Eric Ries is often cited for his belief in developing the “Minimum Viable Product” in order to get to market as fast as possible, test some theories on whether it solves the core problem you’re aiming at, and iterate from there.  We did that with Ramamia and truly believe in it.   There’s a problem beyond the Minimum Viable Product and it’s often overlooked by most entrepreneurs and that’s asking What is the Minimum Viable Market? In Short: What is the smallest sector/niche of your TAM (total addressable market) that you can launch to and completely dominate in order to test your hypotheses about the minimum viable product?

Don’t Spray and Pray

Too many entrepreneurs go with the whole spray and pray approach to launching their product.  How many times have you heard an entrepreneur say “We just need 1% of a 10 billion dollar market, we’ll be multi-millionaires”.  This often ends in a grim fate for the startup taking that approach out of the gate.  Your goal is to be a lean startup that can out maneuver big companies… not act like them!  Lean startups can only do so much and need to focus their energy on establishing a beachhead.  Instead of going for 1% of a multi-billion dollar multi-national market, I say why not go for 66% of a very small market to start with?  Paul Buchheit said it best: “Find 100 happy users and then you’re ready to launch.”  It’s a lot easier to do that in a small market that you can target in on with laser focus.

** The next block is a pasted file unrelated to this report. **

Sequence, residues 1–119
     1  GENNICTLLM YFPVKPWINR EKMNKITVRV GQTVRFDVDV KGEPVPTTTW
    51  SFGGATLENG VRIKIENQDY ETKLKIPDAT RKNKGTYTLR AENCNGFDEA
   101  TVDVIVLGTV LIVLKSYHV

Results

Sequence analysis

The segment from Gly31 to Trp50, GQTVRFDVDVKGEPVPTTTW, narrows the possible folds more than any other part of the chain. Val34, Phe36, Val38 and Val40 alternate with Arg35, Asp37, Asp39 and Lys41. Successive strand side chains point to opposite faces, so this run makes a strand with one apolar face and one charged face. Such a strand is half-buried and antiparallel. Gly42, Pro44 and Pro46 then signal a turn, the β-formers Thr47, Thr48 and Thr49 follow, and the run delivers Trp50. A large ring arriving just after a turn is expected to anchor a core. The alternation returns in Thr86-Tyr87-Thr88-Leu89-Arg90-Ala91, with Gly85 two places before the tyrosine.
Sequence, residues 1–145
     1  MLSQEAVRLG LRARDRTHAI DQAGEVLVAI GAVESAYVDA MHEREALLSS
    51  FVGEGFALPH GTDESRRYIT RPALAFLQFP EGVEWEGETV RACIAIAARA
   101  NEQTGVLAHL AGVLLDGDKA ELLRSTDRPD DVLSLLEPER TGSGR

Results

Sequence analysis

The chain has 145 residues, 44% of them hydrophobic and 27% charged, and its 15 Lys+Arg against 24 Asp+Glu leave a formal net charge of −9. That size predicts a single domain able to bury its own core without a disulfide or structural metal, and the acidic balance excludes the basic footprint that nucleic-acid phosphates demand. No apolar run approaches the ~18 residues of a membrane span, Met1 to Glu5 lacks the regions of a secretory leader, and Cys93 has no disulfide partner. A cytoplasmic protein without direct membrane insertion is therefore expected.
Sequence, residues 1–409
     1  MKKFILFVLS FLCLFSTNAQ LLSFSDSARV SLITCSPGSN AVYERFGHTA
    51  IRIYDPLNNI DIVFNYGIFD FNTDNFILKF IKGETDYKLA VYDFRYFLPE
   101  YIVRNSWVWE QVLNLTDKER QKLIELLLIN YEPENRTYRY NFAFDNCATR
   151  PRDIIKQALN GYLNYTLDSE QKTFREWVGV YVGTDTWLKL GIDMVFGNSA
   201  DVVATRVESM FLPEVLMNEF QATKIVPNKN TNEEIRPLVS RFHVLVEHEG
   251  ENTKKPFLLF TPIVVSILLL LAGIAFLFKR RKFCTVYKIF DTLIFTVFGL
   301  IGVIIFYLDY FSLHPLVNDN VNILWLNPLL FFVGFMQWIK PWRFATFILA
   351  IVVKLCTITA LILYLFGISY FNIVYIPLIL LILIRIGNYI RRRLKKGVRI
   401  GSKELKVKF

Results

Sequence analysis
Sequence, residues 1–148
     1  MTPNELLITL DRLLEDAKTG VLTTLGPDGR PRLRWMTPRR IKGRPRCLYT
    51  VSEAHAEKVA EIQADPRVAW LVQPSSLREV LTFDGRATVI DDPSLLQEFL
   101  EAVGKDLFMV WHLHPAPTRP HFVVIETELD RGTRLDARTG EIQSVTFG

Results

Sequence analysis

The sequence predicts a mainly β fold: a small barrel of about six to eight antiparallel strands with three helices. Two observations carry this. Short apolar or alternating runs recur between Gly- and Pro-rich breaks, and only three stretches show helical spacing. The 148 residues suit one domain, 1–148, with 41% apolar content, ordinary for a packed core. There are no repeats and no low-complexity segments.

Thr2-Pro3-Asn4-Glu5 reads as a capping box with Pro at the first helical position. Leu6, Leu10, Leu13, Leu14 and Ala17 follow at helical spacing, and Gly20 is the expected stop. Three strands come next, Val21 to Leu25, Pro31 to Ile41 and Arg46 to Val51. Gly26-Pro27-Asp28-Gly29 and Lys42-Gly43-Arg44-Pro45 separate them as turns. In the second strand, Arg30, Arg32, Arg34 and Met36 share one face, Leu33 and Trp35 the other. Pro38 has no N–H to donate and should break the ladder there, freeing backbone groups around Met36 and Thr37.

We have opened up Thefacebook for popular consumption at Harvard University

Remember those days when Facebook was TheFacebook and it was just a Mark Zuckerberg Production?  Here’s an article from the Harvard Crimson when Facebook was a new born.  Zuck didn’t go out and launch the site to every school nationwide, add in tons of features (he had a Min. Viable Product), and allow everyone in the world to register.  He tested it in a minimum viable market of one university: Harvard University.  Facebook gained 66% market share in 2 weeks and started to build buzz.  It also let them focus in on where to expand to next.  How much market share do you think thefacebook would have gained if they didn’t go after a minimum viable market?  Probably about <1% of the entire college market.  Find the Harvard University for your startup.  It can be a city, certain portion of the market you’re going after, a trial customer, or even a small niche.

Chill, You Can Still Think Big Long Term

I’m not advocating that your minimum viable market is ALL you should go after.  All I’m saying is that you should start out in a small portion of your total addressable market that you can dominate.  By starting out in your minimum viable market you can do a lot of great things that matter when resources are low, you are living on ramen, and need to get steady growth somewhere:

  • The users are more likely to be passionate since they are all close to each other either digitally and/or physically.
  • You can really look at statistics and figure out what went wrong without screwing up with your entire market.  It’s okay to screw up at one university.  Do it with the entire college system and you’re in for a headache/support requests you can’t handle.
  • You won’t feel overwhelmed.
  • You can find out where you need to iterate with your minimum viable product.
  • Scaling probably won’t be an issue.  Imagine if Thefacebook hit it big at first with 100k users instead of 4,300?  That would have been hard on a simple dedicated box from a boutique hosting firm.  2004 didn’t have Amazon Web Services either.
  • Getting press will be easier.  You can go after publications in that niche and not get the door shut in your face. Think Harvard Crimson vs. Wired.

What are some other examples of companies that started with a minimum viable market?  (Ill add in some that are left in the comments section):

  • Craigs List
  • Daily Candy
  • Foursquare
  • Weblogs Inc.
  • Gawker
  • TutsPlus
  • WooThemes (they’re going after drupal, magento,etc. themes soon)